Even in a draft that was lauded for its tight end talent, finding a sleeper is akin to putting a puzzle together without the box. It CAN be done but good luck!
For consistency sake, I decided to use the same 5th Round or later line of demarcation from my Sleeper Rookie Running Back article to establish which players qualified as “sleepers.” This yielded the following six drafted tight ends (UDFA tight ends such as Pharaoh Brown and Cole Hikutini were omitted).
|Bucky Hodges||TE||Virginia Tech||6||201|
Now let’s start putting that puzzle together now, shall we?
I began by looking at 3sigmaathlete.com, which uses combine or pro day measurables, to better understand how these six players stacked up athletically vs. their NFL counterparts.
|Jake Butt||22.1||6’5||246||Did Not Participate|
Note that the “NFL%” and “z-score” columns refer to the NFL positional averages and not to the draft positional averages. This means that a 0.0 z-score and 50.0 percentile would represent a player who rates as a league-average NFL athlete at the position. The average NFL player is pretty athletic, so this designation is not at all a poor result.
As you can see even the lowest rated tight end (Jake Butt didn’t participate as he was rehabbing a knee injury) measured as a league-average NFL athlete. This isn’t a slight by any means it just indicates that they didn’t test out as special athletically compared to their peers.
Next, I looked at the nfl.com grade that each received which provides a projection as to what each player could become in the league (any grade under 6.0 isn’t exactly a ringing endorsement towards their prospects, but hey we’re talking sleepers here).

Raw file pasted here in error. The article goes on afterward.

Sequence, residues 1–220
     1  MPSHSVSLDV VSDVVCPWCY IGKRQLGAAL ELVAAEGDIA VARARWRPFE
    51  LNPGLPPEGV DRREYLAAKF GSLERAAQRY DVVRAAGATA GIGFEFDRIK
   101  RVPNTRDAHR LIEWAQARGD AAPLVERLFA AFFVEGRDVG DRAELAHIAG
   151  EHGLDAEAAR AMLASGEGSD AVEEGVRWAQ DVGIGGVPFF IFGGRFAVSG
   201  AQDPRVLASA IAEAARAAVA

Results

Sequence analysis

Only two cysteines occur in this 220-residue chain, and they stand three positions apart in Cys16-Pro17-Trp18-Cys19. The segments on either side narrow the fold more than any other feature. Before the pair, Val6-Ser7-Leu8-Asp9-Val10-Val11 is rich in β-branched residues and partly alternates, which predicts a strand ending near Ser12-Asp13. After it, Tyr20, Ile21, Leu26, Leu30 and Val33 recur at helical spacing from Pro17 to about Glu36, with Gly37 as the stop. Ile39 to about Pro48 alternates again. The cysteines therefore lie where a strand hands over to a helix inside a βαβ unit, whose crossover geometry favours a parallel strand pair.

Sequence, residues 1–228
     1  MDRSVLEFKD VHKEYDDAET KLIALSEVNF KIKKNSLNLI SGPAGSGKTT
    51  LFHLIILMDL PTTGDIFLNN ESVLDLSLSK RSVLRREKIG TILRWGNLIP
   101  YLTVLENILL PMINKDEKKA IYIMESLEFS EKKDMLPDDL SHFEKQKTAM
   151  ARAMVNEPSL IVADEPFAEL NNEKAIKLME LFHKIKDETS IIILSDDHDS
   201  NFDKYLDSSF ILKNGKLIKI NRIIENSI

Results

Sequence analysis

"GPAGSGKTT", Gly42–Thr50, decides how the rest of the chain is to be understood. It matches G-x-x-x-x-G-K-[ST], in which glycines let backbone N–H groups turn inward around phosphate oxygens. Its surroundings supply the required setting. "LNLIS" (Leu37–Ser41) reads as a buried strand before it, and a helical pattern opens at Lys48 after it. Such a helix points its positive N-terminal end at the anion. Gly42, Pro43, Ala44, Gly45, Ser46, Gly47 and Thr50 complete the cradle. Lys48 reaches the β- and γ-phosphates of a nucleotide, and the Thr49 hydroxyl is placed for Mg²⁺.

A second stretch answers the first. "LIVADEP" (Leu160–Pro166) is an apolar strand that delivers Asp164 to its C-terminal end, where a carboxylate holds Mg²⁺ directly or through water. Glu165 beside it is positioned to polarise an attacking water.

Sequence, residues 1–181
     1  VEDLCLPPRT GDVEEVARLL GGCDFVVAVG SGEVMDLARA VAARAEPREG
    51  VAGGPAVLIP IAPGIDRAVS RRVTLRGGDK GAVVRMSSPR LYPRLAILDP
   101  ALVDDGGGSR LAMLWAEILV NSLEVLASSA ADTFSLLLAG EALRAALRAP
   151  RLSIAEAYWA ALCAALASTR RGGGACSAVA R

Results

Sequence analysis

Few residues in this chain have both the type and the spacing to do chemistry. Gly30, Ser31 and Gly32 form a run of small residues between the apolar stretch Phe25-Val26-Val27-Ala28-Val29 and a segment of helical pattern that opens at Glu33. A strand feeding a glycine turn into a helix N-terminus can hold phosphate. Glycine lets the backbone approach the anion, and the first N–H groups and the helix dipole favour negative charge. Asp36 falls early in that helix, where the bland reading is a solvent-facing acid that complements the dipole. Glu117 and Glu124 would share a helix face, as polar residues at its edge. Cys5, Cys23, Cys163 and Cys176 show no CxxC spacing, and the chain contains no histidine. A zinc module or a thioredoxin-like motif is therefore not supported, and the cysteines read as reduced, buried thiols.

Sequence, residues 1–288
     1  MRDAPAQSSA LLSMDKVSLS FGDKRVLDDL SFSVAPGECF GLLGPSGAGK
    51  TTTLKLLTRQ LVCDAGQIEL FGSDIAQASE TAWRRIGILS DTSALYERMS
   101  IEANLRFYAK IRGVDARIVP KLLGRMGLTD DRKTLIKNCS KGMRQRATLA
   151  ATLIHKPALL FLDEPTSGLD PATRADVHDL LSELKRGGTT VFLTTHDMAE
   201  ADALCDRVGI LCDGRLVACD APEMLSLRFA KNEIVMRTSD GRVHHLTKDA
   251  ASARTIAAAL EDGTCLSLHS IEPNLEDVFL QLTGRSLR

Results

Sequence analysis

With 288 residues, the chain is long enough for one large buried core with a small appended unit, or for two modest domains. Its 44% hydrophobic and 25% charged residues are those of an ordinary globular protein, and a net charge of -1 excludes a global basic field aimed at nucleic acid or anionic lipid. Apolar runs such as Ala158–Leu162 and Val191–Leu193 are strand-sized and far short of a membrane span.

5.70-5.99 could become early NFL starter
5.30-5.69 backup or eventual starter
Last but certainly not least on the metrics side is their Player Profiler Dominator Rating and Breakout Age stats.
|Bucky Hodges||24.2% (73rd)||19.1 (94th)|
|Jake Butt||22.1% (68th)||19.2 (93rd)|
|Eric Saubert||31.6% (89th)||20.4 (74th)|
|Jordan Leggett||16.3% (42nd)||20.6 (69th)|
|George Kittle||(70th)||21.9 (24th)|
|Mason Schreck||31.7% (90th)||22.8 (6th)|
Tight Ends who breakout before Age 20 are considered “phenoms.”
Using the three sets of information above, the following players accrued the most top 3 finishes and will continue in my Sleeper Evaluation
- Jake Butt (2*)
- Bucky Hodges (2)
- George Kittle (2)
Now let’s dive a little deeper into each player including their FantasyPros Dynasty TE Ranking.
Jake Butt (Denver Broncos) – TE28
The University of Michigan product is reportedly ahead of schedule in his recovery from the right ACL injury that caused him to slide into the 5th round of the 2017 NFL Draft. Had it not been for that injury Butt likely would have been drafted on Day 2. He projects purely as an in-line tight end that should help in the intermediate passing game. He is more chain mover than field stretcher but should prove a reliable target in Denver for years to come. Butt has great hands and is a willing blocker although improvement is needed. Although he did not test at the combine, his tape reveals athletic limitations which will restrict him from being anything more than a streaming TE in Dynasty.